Friday, November 6, 2015

Harvest Gathering

On Sunday Bill and Donna joined me to visit Berryville where Native Americans were holding their Harvest Gathering. The event had been on since Friday and we were arriving after noon, meaning that there weren't too many folks around. I had a look in the main hall where vendors and displays were showing off carved gourds and selling tools and decorations for people to have a go themselves.
This Gathering is to celebrate the gourd and its harvest, and to bring about people from all walks of life. The website is here.
I walked around the vendors outside before going to the arena but I wasn't drawn to anything in particular. But I did spot Lewis Campbell walking through and quickly pulled out my camera.
He graciously stopped and allowed me and another photographer to take some photos. The first time I'd seen him was at the Chickahominy Pow Wow a couple of years ago.
The photo above was from then but today he wasn't wearing his distinctive face paint. I wondered if he was giving his skin a break from it after maybe wearing it for the past 2 days and resolved that next year I would come on the first day. I heard later that there had been a lot more people attending on Friday and Saturday. But he still looked impressive and it was wonderful to see him close up.
But today, this chap, for me, was the star of the show. The largest turkey I've ever seen and the vainest. He was completely tame and actually enjoyed all the attention he was getting. I crouched down and started chatting to him, upon which he immediately came over and started posing. As he saw me lift my camera, he turned as though he was showing his best side and gave every impression of being very excited about all the fuss he was getting. I remembered a turkey back in England who had also been very attentive and had let me kneel down beside him and give him a big cuddle while he gobbled and grunted under my chin. Today strengthened my resolve to not eat turkey at Thanksgiving and instead spend it with them at an animal sanctuary not too far from home.
I reluctantly left my feathered friend and walked over to the arena where I could hear a voice addressing the crowds. The dancing was about to begin.
There weren't as many dancers today as there had been at Chickahominy but the colors of their outfits were still vibrant and beautiful to watch as their swirled and stomped their way around the grass. We were asked to stand for various dances and I was mortified when after taking some photos I sat down on the grass to shoot from below, and an elder came up to me and asked me to stand. With profuse apologies, I leaped to my feet, feeling my cheeks burning.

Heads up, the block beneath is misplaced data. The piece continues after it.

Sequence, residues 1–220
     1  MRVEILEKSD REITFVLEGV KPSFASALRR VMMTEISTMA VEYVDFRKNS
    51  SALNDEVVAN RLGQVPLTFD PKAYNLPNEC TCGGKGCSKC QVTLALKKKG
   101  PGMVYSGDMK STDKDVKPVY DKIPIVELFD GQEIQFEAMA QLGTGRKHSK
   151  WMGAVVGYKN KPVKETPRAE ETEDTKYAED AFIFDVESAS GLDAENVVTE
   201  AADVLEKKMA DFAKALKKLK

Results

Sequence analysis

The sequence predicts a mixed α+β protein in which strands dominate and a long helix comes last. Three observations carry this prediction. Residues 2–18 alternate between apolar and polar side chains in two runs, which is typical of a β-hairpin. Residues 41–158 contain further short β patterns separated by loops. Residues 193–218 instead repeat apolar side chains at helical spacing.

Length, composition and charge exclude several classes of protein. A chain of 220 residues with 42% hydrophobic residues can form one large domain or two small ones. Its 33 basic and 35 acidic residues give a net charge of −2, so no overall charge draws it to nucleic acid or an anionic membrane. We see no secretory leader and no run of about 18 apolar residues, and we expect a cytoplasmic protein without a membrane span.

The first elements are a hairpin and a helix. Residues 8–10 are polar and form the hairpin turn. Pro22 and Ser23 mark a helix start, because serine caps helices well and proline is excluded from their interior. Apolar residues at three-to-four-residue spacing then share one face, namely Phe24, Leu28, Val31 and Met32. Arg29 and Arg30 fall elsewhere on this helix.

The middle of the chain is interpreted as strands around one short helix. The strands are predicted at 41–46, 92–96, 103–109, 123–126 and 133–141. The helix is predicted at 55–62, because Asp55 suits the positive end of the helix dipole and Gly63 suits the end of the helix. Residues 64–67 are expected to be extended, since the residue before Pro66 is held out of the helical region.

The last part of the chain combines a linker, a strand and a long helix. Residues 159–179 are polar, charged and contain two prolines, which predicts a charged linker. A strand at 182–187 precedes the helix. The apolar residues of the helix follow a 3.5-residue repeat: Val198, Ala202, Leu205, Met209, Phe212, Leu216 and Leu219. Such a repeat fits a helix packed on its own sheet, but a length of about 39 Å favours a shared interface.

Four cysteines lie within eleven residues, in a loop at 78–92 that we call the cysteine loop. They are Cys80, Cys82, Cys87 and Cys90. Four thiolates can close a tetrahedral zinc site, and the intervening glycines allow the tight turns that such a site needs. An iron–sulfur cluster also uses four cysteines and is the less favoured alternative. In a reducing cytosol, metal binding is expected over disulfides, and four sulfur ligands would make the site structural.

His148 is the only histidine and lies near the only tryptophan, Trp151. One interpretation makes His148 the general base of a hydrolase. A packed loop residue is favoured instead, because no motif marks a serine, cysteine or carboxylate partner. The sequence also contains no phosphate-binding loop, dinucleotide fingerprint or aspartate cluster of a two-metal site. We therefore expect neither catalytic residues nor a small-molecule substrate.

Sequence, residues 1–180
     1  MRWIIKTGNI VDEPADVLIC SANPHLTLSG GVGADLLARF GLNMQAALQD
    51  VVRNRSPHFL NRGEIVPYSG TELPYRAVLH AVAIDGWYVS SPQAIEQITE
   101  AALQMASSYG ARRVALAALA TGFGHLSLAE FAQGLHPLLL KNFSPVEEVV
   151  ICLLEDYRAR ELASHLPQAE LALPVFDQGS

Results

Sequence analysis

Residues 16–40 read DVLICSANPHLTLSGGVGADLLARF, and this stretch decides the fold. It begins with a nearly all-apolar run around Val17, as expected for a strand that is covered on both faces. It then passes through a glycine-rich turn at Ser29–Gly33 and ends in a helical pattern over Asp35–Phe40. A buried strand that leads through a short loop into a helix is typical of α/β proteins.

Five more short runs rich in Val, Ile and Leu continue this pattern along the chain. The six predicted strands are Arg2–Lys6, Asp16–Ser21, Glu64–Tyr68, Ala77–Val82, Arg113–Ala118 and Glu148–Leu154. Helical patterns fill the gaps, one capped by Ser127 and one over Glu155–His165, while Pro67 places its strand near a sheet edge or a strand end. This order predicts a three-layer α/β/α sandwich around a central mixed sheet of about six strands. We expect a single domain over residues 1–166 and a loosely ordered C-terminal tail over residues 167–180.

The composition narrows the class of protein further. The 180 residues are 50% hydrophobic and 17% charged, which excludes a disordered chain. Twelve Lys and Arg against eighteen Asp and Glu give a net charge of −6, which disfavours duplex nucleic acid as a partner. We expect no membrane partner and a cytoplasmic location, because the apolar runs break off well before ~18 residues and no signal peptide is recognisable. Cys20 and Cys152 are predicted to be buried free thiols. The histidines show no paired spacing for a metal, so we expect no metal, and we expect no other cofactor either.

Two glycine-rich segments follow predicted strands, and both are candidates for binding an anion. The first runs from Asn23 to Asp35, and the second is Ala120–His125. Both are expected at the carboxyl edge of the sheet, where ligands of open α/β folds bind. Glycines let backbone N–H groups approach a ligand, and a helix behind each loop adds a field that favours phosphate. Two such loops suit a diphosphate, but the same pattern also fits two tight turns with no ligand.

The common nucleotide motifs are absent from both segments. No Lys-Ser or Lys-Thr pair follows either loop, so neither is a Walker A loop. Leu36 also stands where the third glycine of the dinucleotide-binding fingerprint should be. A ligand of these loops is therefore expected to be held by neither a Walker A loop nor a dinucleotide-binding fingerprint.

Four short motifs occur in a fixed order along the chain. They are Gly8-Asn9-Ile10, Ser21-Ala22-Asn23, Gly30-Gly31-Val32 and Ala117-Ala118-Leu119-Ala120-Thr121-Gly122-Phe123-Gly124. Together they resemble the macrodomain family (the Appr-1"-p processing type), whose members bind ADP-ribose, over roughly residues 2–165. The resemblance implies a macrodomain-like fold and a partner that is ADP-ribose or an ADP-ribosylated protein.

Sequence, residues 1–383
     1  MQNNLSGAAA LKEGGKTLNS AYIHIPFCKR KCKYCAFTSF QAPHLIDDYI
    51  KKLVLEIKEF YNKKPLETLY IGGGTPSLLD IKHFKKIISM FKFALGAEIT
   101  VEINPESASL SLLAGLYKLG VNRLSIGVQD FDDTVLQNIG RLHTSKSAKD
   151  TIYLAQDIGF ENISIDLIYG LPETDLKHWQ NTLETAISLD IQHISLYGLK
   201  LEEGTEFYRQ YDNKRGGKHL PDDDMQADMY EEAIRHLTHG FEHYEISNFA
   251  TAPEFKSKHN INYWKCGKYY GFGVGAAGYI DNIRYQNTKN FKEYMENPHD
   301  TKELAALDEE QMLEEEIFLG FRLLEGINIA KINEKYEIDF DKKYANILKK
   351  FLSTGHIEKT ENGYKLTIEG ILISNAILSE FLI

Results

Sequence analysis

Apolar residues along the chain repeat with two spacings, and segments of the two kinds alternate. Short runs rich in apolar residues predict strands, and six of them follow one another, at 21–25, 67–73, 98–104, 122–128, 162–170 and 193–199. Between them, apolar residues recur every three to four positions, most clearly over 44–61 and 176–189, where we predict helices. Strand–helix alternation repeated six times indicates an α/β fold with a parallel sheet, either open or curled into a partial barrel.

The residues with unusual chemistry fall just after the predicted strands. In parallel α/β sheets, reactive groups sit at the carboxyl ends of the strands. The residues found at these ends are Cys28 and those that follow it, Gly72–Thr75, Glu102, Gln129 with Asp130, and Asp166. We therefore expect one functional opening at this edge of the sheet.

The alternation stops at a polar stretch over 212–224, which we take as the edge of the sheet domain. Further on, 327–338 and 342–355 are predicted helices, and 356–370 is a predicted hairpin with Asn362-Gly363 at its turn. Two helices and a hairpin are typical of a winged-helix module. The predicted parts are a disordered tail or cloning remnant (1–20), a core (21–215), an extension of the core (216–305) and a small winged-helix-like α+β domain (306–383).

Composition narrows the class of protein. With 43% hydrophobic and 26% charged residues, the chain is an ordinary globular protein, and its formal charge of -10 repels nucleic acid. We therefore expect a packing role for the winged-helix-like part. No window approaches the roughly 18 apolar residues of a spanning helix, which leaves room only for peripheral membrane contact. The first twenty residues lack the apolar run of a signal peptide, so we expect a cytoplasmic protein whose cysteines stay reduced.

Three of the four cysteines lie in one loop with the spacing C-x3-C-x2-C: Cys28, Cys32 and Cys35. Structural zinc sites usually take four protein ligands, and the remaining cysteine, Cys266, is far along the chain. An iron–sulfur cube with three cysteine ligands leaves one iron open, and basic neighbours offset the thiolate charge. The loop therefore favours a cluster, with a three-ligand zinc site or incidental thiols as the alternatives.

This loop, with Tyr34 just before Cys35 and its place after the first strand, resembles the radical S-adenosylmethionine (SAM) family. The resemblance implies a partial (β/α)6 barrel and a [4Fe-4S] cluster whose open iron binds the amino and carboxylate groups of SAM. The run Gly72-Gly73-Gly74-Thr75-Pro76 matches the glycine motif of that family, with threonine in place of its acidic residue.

After a few dances, an elderly Master of the Ceremony started talking about their history and then about his war experiences. One topic led to another and I noticed that after about 30 minutes people were drifting away. He continued talking and I sat, resolute, not wanting to appear rude by leaving. Looking at the bleachers I saw a few others also sitting firmly on their seats and patiently waiting for the next dance, but still he continued with his reminiscences. After a good 45 minutes, another elder spoke on a different microphone to announce 2 ladies who walked up to our speaker with a couple of taco laden plates, and he was gently led away to have some lunch. What a tender action, and done so graciously so that he didn't feel embarrassed at having spoken for so long. We can certainly learn from these people. And as he walked away to enjoy a well earned meal the dancers returned to the arena for the final turn on the grass, inviting everyone to join and copy their movements in a respectful manner if they wished.
A truck parked on the grass to remind us of those lost during wars. At one point during the afternoon, the Master of the Ceremony invited all those who had served or were serving to join them on the grass, each one telling us how they had served and for how long.
I really enjoy these events, and each time I've come away, feeling very respectful of these people. They show no grudges or violence towards those who stole their land, and have always behaved in a manner that I feel we should learn from. Their children and elderly are cherished, as are their traditions and beliefs, and once again as I walked away to head home, I left feeling peaceful, yet with a twinge of regret that I didn't live in a culture as well behaved as theirs.

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